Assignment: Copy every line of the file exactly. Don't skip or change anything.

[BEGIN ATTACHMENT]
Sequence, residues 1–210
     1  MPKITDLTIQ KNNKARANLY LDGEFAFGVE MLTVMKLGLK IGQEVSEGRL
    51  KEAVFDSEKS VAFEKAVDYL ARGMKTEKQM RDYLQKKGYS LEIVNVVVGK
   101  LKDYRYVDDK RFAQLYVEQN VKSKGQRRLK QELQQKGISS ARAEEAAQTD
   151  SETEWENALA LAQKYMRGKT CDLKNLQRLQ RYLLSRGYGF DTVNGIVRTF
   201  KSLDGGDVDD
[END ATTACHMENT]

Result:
Sequence, residues 1–210
     1  MPKITDLTIQ KNNKARANLY LDGEFAFGVE MLTVMKLGLK IGQEVSEGRL
    51  KEAVFDSEKS VAFEKAVDYL ARGMKTEKQM RDYLQKKGYS LEIVNVVVGK
   101  LKDYRYVDDK RFAQLYVEQN VKSKGQRRLK QELQQKGISS ARAEEAAQTD
   151  SETEWENALA LAQKYMRGKT CDLKNLQRLQ RYLLSRGYGF DTVNGIVRTF
   201  KSLDGGDVDD